In a surprise to absolutely no one who has ever spent more than a minute inside one of their 34,000 restaurants, McDonald’s has begun admitting after a string of missed expectations that even in the world of fast food, being cheap and tasty isn’t actually everything—customer service matters.Ronald, in the face of news that could make anyone Grimace, has finally learned what we—the customers—always knew: customer service, or the lack there-of in this case, makes up a huge part of the combo meal we are looking for in a place to eat (or from any business for that matter).
Earlier this month the Wall Street Journal reported on a webcast that Mickey-D’s executives had with franchise owners, in which the company said 1 in 5 customer complaints are related to “friendliness issues, ‘and it’s increasing.’” According to the presentation, the top complaint from customers: “rude or unprofessional employees.”
Executives admitted that “service is broken,” and cited that customers find their service chaotic. The Journal added, “McDonald’s told franchisees that customers rate good service almost as highly as dollar value, pointing to a National Restaurant Association survey.”
One franchisee told the Journal where he feels the Golden Arches are headed, “The new leadership has decided to focus on customer satisfaction as a real driver for us to build the brand and build sales. So for us to maximize the potential that’s out there, we’ve got to be the leader in guest satisfaction.”
Well, duh. What took so long?
With 1.7 million employees worldwide serving 68 million customers each day at 34,000 restaurants in 119 countries, McDonald’s is the world’s burger behemoth. But stateside, the typical McDonald’s is a small business, with 90% of the 14,000 restaurants owned by independent operators.
Like any small business, a McDonald’s is much more than the products it makes and distributes, it is an organization driven by customer service interactions. Without quality employees delivering happiness to customers in harmony with a consistent and accurate product—the customers will stop returning, the sales will decrease.
For me, there is always somewhere else I can spend my money. In this case, the Chick-Fil-A across the street will always greet me with a smile and go out of their way to refill my refreshing diet lemonade. Of course, that is only if I am not at the local joint around the corner where they know me by name and have memorized my usual order.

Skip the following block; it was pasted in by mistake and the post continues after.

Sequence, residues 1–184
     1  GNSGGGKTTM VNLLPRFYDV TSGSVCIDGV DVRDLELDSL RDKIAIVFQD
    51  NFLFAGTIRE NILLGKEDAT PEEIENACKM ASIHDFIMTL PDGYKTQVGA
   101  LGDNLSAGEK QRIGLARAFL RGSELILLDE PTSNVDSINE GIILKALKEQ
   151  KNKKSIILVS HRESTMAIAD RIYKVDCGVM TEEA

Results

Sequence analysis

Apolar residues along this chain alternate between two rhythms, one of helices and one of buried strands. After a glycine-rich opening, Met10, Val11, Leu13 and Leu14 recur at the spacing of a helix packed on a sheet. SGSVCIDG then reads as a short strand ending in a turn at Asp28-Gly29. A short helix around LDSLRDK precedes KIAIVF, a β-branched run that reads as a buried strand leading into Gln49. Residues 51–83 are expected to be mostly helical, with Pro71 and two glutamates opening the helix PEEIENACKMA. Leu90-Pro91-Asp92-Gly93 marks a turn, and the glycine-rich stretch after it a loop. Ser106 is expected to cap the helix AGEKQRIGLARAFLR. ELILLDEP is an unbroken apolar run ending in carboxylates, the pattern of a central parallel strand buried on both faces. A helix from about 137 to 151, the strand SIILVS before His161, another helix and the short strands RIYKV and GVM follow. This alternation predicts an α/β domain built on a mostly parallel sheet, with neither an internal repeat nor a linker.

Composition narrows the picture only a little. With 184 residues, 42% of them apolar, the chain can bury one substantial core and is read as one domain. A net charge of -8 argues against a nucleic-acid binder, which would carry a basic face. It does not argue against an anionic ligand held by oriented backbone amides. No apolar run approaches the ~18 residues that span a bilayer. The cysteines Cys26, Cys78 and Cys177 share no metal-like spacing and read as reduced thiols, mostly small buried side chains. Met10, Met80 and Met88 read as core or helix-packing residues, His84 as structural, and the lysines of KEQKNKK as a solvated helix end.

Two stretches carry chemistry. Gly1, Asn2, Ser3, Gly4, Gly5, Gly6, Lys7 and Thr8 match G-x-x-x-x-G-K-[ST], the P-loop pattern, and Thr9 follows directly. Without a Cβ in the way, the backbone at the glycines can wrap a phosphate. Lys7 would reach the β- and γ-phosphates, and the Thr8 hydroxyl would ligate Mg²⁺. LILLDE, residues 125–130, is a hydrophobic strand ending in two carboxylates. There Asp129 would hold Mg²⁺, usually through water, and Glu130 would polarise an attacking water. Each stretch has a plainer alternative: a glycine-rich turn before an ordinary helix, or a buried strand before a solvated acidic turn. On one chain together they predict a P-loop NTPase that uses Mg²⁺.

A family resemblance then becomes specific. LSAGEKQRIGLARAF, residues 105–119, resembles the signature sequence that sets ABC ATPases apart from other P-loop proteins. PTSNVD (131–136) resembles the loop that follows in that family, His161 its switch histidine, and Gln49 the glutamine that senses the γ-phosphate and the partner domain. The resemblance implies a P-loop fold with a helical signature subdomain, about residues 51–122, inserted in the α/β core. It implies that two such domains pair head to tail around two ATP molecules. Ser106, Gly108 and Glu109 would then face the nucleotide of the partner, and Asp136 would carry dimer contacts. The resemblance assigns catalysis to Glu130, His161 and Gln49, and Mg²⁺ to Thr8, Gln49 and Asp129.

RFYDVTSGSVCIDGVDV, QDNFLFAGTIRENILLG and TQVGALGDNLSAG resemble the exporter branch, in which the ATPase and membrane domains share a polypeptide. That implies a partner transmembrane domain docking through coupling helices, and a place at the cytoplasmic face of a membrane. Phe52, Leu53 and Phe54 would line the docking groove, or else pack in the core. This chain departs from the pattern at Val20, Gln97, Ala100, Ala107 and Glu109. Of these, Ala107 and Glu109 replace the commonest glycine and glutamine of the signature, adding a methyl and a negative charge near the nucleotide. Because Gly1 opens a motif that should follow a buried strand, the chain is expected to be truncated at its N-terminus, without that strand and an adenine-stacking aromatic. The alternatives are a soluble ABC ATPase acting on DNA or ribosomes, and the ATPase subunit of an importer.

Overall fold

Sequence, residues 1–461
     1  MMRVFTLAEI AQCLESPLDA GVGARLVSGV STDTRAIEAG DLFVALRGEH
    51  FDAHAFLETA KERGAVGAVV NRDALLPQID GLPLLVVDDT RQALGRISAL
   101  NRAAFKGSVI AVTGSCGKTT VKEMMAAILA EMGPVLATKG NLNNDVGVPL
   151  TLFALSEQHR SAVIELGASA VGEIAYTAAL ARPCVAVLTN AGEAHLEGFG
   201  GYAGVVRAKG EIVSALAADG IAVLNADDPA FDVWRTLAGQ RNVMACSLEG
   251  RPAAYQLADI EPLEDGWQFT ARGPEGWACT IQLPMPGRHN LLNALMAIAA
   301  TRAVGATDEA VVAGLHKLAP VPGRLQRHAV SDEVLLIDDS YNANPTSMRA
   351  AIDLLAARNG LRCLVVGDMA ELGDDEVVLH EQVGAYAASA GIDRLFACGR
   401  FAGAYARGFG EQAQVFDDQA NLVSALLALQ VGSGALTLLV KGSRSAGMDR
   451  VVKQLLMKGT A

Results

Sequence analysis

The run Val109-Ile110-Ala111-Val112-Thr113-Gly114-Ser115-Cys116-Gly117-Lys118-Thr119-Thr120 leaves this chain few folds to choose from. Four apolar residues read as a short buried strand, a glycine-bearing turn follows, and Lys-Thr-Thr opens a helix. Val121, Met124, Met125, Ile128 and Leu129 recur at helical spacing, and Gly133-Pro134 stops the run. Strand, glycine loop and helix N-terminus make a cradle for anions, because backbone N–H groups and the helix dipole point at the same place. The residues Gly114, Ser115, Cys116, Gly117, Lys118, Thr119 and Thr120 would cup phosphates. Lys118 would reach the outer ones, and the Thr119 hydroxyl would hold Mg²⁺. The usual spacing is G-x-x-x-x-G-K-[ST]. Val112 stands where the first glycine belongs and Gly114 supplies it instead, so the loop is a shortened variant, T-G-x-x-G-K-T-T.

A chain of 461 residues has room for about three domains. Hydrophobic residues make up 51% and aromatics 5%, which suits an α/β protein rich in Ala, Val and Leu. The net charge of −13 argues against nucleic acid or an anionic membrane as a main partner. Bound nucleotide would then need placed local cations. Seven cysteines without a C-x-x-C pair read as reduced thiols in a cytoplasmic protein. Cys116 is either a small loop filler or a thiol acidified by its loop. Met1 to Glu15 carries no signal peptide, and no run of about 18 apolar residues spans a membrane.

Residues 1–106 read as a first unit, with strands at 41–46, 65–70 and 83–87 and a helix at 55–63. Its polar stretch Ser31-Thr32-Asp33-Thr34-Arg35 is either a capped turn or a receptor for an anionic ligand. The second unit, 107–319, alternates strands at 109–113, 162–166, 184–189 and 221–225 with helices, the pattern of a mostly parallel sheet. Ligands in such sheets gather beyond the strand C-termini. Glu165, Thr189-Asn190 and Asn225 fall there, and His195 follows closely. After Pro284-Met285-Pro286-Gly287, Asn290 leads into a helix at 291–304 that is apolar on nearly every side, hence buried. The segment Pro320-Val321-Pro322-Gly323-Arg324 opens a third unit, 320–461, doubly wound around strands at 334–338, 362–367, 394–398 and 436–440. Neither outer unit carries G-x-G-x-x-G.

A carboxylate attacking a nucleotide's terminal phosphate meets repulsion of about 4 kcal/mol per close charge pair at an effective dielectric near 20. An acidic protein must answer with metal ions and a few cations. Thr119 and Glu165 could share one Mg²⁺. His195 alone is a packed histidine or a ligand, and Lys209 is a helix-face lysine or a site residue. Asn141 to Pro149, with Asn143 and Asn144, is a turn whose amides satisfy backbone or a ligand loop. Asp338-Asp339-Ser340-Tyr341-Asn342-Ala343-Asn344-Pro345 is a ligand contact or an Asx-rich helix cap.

Regardless of how cheap your food is, and how fast you can deliver it, if you continually screw up customers’ orders, treat them with contempt when they make requests, and are flat out rude—they won’t return. Those addictively delicious, crispy, salty fries and the smooth sweetness of a $1.29 hot fudge sundae can only cover up so much bitterness from your employees.
Known the world over for their iconic Golden Arches and greasy boxes of children’s happiness, Ronald and Co. appear to be slowly coming around to today’s customers—who value good customer service and support and will quickly and boisterously share with the digital world when they encounter sub-par service.
Lately, they’ve focused on rehabbing the company’s image from a mechanical slinger of processed, fatty foods (“Super Size Me” wasn’t the best PR), to an affordable, fresh, quick-service café with options (even healthy ones) for every mood, taste and budget. Their attempts to remain relevant to today’s customers—adding variety to the menu, redesigning their locations, even adding upscale beverages (they have real-fruit smoothies, at McDonald’s, seriously)—are impressive in contrast to the old McDonald’s. But while extensive, and expensive, these changes were only skin-deep.
Ronald is wearing the right things, he’s listening to the right bands, but underneath he is still the same old, creepy, rude clown.
The reason why others are passing McDonald’s by, as McDonald’s has finally admitted, is because they have a cultural problem with customer service. Their culture isn’t centered on the customer. The new expert-designed spaces and menus are aimed to make McDonald’s convenient, comfortable and friendly in today’s marketplace, but the key ingredient – the people delivering the customer service – was neglected rather than rehabbed.
Last week, for the first time in a very long time, I had a meal at McDonald’s. I stopped in for breakfast at a trendy, clean, well-designed space in downtown Chicago’s Loop. Uncluttered, well designed, easy-to-use digital menu boards welcomed me, enticed me to order. I even had a choice of fashionable mid-century chairs to sit in and eat. The space was great – it felt cool and comfortable, and was more an extension of it’s chic neighbor, the W hotel, than a competitor to the Dunkin’ Donuts across the street.
Yet the whole experience fell flat because the employees were mechanical, impersonal, and in the case of the one who handed me my order, flat-out rude. I was somehow inconveniencing them for making a simple request.
Maybe McDonald’s will get it right. Maybe the small-business owners that operate the majority of their restaurants in America will realize that the Golden Arches only go so far, that they need to focus on building a customer service culture that gives everyone, not just those under the age of 10, a happy meal.
Next time you stop in, please share with me your latest McDonald’s experience. Myself, I think I will track their progressing customer service elsewhere.